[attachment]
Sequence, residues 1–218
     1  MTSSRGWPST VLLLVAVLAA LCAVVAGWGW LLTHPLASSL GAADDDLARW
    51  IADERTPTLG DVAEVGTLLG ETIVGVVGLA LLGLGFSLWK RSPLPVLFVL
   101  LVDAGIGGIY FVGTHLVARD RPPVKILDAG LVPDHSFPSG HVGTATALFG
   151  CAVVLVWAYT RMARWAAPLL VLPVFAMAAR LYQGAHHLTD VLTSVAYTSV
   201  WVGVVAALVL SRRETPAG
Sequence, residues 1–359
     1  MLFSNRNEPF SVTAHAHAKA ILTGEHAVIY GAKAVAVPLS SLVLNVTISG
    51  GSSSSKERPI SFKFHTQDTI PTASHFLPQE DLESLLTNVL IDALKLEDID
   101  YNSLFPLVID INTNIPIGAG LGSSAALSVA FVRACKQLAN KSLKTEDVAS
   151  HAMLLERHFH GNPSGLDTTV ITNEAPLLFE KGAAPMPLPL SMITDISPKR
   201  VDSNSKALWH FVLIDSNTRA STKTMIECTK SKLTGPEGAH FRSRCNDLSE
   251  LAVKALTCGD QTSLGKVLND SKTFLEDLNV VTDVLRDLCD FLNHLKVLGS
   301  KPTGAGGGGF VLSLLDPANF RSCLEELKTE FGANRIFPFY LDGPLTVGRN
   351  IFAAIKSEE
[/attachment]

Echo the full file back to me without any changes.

Sequence, residues 1–218
     1  MTSSRGWPST VLLLVAVLAA LCAVVAGWGW LLTHPLASSL GAADDDLARW
    51  IADERTPTLG DVAEVGTLLG ETIVGVVGLA LLGLGFSLWK RSPLPVLFVL
   101  LVDAGIGGIY FVGTHLVARD RPPVKILDAG LVPDHSFPSG HVGTATALFG
   151  CAVVLVWAYT RMARWAAPLL VLPVFAMAAR LYQGAHHLTD VLTSVAYTSV
   201  WVGVVAALVL SRRETPAG
Sequence, residues 1–359
     1  MLFSNRNEPF SVTAHAHAKA ILTGEHAVIY GAKAVAVPLS SLVLNVTISG
    51  GSSSSKERPI SFKFHTQDTI PTASHFLPQE DLESLLTNVL IDALKLEDID
   101  YNSLFPLVID INTNIPIGAG LGSSAALSVA FVRACKQLAN KSLKTEDVAS
   151  HAMLLERHFH GNPSGLDTTV ITNEAPLLFE KGAAPMPLPL SMITDISPKR
   201  VDSNSKALWH FVLIDSNTRA STKTMIECTK SKLTGPEGAH FRSRCNDLSE
   251  LAVKALTCGD QTSLGKVLND SKTFLEDLNV VTDVLRDLCD FLNHLKVLGS
   301  KPTGAGGGGF VLSLLDPANF RSCLEELKTE FGANRIFPFY LDGPLTVGRN
   351  IFAAIKSEE